My talk on the Scottish Women’s Hospitals

Scottish_Women's_Hospital_people_killed_in_WWI_01

Scottish Women’s Hospitals Roll of Honour courtesy of Wikimedia commons

I am very proud and excited to announce that my talk on the Scottish Women’s Hospitals will be broadcast on Radio Adelaide 101.5 this coming Monday evening at 6pm on the segment On Service Voices.

Here is a link to the broadcast.

On Service Voices – Monday  02.12.19  from 6 to 7pm Adelaide Time (or listen again any time after 7pm)

DEBBIE ROBSON:  The SWH and the Aussie women who served in it.

This month 102 years ago, a British female doctor called Elsie Inglis died.  Elsie was almost 50 years old when World War One was declared. She offered her medical skills to the War Office, and was resoundingly rejected with the words, “My good lady, go home and sit still.”

Sitting still at home had never been one of Elsie’s strengths.  She contacted the Scottish Federation of Women’s Suffrage Societies with the intention of forming independent medical units staffed by women, in order to support Allied troops where they were needed most. She was able to establish the Scottish Women’s Hospitals for Foreign Service (the SWH), and they sent medical teams to Belgium, France, Serbia and Russia.  Many Australian women served in these units. They saved countless lives during WW1 and alleviated untold suffering. Today Debbie Robson brings us the story of the Scottish Women’s Hospitals, and some of the Australians who served in them.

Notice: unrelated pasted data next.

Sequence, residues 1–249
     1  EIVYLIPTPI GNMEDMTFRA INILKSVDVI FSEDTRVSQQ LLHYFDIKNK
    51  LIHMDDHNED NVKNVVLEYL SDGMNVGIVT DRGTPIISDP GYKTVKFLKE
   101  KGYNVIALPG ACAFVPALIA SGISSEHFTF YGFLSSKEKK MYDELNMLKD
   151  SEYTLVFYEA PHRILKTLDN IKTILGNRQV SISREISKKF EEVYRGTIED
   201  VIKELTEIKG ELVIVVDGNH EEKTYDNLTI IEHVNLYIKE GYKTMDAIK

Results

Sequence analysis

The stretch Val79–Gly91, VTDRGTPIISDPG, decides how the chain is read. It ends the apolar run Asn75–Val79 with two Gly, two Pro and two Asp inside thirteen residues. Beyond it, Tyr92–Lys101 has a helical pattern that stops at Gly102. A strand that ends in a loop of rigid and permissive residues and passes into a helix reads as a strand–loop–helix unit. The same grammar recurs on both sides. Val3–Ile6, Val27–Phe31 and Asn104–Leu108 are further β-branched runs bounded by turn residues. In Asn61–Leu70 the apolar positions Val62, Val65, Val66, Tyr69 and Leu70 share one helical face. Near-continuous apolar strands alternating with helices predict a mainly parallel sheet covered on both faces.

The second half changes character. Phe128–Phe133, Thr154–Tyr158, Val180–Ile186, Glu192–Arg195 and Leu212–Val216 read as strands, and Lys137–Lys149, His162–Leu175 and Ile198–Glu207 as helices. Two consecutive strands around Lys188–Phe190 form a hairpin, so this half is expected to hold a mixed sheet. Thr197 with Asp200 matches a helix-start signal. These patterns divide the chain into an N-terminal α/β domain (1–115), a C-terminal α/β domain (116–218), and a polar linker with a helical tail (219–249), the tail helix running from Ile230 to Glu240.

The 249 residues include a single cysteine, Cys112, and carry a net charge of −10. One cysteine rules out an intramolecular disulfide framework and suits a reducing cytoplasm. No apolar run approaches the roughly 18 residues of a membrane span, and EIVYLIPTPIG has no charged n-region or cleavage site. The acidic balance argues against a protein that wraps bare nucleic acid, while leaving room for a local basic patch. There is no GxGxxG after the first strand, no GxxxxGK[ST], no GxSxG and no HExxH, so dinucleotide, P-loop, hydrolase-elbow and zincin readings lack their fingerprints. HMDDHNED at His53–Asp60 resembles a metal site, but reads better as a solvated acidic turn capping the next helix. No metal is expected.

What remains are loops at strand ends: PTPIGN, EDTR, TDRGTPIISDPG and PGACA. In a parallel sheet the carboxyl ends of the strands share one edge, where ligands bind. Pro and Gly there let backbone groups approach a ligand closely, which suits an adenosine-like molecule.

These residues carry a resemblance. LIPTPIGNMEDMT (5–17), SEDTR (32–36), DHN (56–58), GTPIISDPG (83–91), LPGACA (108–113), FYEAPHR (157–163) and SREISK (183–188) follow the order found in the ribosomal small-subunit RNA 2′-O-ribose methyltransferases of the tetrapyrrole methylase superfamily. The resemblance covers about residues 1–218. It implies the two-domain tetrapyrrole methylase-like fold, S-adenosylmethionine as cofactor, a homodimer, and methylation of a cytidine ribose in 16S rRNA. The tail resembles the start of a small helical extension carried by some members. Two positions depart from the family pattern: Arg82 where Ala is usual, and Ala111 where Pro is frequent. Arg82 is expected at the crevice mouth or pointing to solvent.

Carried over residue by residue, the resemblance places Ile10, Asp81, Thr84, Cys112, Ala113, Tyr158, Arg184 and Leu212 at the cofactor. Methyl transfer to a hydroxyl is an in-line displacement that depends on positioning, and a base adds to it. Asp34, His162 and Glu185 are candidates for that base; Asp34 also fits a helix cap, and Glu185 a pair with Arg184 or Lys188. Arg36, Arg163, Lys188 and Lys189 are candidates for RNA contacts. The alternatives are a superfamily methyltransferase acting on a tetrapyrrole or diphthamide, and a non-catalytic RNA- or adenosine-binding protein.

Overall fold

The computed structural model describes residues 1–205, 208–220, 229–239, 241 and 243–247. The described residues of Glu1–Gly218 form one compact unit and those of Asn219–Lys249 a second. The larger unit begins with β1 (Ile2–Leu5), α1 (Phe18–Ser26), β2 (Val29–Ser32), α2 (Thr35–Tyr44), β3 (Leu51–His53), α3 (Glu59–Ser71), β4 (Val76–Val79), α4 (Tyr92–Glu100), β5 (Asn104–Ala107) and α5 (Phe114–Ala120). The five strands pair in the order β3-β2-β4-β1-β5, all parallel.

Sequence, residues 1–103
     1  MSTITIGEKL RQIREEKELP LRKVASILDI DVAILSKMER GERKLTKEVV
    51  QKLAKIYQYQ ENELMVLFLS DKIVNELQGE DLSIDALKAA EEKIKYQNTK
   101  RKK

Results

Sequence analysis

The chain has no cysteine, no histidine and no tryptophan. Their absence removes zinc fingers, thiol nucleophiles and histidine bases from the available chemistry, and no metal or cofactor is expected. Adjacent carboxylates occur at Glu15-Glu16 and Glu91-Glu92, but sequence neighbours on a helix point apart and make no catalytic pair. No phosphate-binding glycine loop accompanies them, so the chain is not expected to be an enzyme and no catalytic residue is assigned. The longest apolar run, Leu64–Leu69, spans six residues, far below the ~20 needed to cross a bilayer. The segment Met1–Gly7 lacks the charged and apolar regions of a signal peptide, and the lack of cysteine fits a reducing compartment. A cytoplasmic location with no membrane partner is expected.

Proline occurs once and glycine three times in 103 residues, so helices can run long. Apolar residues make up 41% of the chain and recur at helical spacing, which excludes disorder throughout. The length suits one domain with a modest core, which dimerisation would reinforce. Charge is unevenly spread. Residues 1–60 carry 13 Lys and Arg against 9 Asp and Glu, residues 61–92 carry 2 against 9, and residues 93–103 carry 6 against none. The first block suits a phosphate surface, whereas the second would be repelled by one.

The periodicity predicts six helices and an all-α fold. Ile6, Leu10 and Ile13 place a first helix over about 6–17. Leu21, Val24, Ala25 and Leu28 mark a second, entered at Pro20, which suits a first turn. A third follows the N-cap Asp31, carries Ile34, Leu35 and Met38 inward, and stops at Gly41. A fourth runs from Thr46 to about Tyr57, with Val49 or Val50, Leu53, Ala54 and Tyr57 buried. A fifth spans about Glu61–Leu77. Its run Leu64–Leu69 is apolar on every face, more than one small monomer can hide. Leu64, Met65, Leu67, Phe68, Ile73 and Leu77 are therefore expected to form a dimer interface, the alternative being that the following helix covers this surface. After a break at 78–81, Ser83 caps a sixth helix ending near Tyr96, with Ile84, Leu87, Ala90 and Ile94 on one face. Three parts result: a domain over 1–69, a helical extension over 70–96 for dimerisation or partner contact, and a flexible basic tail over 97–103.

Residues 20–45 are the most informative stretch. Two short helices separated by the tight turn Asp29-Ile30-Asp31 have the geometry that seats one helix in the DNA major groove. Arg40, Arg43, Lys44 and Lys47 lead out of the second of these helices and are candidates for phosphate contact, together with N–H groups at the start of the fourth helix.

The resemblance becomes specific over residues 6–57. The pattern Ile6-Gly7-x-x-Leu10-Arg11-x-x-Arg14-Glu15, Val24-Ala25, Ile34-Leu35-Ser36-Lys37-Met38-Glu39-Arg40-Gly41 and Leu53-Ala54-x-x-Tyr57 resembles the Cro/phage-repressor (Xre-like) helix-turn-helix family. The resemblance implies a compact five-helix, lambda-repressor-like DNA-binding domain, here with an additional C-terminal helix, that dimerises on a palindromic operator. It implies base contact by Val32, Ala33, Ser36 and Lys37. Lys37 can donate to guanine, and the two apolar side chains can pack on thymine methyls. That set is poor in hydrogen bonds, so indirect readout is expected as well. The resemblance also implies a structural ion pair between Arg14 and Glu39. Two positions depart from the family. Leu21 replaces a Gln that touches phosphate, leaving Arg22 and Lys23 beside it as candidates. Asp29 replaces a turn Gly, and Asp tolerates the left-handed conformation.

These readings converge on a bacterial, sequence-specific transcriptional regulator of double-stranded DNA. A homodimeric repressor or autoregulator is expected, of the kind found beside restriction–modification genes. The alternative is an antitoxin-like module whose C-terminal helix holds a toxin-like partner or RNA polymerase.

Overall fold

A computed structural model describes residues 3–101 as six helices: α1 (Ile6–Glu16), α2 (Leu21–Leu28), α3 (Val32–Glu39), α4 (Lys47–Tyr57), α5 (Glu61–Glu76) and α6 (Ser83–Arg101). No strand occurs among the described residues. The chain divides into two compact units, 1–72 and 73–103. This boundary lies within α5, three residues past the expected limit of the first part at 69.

Please tune in and I hope you enjoy hearing about these marvellous women.

Out of the blue – a surprise request

Scottish Women's Hospital at Ostrovo

Scottish Women’s Hospital at Ostrovo – Source: Wikimedia Commons

I am so excited! I have been invited by Helen McLeod Meyer from Radio Adelaide to give a talk on the Scottish Women’s Hospitals for her Christmas Day 2019 Scottish Broadcast.

Since 2010 when I stumbled upon this marvellous organisation I have been inspired by what this group of women achieved 100 years ago. There is so much history I want to cover: how the organisation was formed, how they efficiently ran dressing stations and field hospitals in France, Corsica, Greece, Macedonia, Romania and in Serbia and how they raised the standards of hygiene and disease management in the theatre of war.

That’s just to name a few points. Don’t get me started on all the wonderful women that worked in the field hospitals, including several Australians – Chief Medical Officers, orderlies, ambulance drivers, sanitation workers, nurses and surgeons. I am looking forward to putting together a half hour talk. The challenge will be to limit myself to that time frame when there is so much to tell.